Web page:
It’s a growing trend among attackers to offer their products as a service, just as regular companies do. In September, Microsoft researchers found that the BulletProofLink phishing-as-a-service (PhaaS) enterprise was taking this to the next level. It comes with over 100 phishing templates disguised as trusted brands and services. Take a look at how it works and what it says about attackers’ methods today.

Inside the Workings of BulletProofLink

Microsoft found BulletProofLink has been running since at least 2018.

That length of time gave its handlers time to create sites under aliases, like BulletProftLink and Anthrax, for advertising their services. Those sites included video ads hosted on YouTube and Vimeo. They also included an online store where ‘customers’ could register, snag a 10% welcome discount and sign in to their accounts going forward.

Microsoft found that the BulletProofLink monthly service cost users about $800 at the time of research. Other services such as one-time hosting links went for less, at $50.

BulletProofLink gave users a choice of over 100 templates that they could use to pretend to be legitimate companies. After buying one of those templates, the users would then have to send out the phishing emails themselves. They would also have to either register their own landing pages or use the gang’s hosted links for password collection.

In one phishing campaign, the attackers used BulletProofLink to fake Microsoft sites and try to steal users’ credentials. The campaign used a technique known as infinite subdomain abuse. This created a unique URL for each potential victim by breaking into a site’s Domain Name System.

In total, Microsoft observed the campaign using 300,000 subdomains. This makes mitigation and detection methods that rely only on domain and URL matching more complex.

How PhaaS Differs from Phishing Kits

PhaaS gangs like BulletProofLink aren’t the same as phishing kits. The former functions like Ransomware-as-a-Service (RaaS) gangs in that an attacker pays an operator for access to infrastructure and services that they can use to conduct their own attacks. By contrast, the latter consists of phishing packages that users buy with a one-time sale.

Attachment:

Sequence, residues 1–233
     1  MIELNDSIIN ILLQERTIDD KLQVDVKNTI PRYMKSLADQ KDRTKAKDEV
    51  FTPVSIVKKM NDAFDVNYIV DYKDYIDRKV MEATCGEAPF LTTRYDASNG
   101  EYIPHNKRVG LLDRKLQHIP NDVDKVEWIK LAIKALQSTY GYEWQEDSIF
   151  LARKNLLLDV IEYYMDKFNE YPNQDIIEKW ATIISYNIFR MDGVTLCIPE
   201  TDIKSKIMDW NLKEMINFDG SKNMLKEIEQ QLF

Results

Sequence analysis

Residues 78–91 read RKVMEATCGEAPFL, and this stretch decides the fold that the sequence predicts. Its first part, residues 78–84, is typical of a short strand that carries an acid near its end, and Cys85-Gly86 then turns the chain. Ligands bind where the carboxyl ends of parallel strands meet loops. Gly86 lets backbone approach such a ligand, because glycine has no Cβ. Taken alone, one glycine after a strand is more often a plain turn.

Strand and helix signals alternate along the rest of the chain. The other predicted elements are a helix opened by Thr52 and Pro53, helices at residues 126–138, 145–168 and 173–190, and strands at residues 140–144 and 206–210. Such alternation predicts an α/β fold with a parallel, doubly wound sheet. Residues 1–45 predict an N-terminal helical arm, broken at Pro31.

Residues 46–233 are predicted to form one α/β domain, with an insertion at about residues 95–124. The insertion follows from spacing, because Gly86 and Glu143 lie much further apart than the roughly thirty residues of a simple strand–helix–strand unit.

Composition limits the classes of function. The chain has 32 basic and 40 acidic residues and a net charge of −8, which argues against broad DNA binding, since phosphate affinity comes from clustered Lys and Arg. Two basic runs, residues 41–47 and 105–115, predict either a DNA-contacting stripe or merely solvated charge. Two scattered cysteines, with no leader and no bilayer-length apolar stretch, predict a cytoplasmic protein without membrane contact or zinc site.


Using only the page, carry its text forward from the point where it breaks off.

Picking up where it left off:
Plenty of phishing kits have popped up in recent years. In April 2020, for instance, the number of phishing kit ads on dark web forums had doubled in 2019 over the previous year. This explains why the price of a phishing kit grew by 149% in that span of time, reaching above $300 per item.

A few more kits have emerged since then. In January 2021, Threatpost reported that digital criminals were using a new phishing kit, called LogoKit, to automatically pull targeted company logos onto their phishing landing pages. Attackers used this to launch phishing attacks on 700 unique domains over a period of a month.

In October, many attackers used the XBALTI kit to redirect victims to a lookalike site pretending to be Chase Bank. In fact, the site was hosted on a compromised Brazilian website. The site then used multiple forms to steal several different pieces of information from its visitors.

How to Protect Against Phishing

Organizations can protect themselves against threats like BulletProofLink by putting technical controls in place. This includes using anti-phishing policies to enable mailbox intelligence settings as well as to enact impersonation protection settings. Complement these technical safeguards by fostering a culture of cyber awareness through ongoing cybersecurity training (and testing) that applies to all employees.

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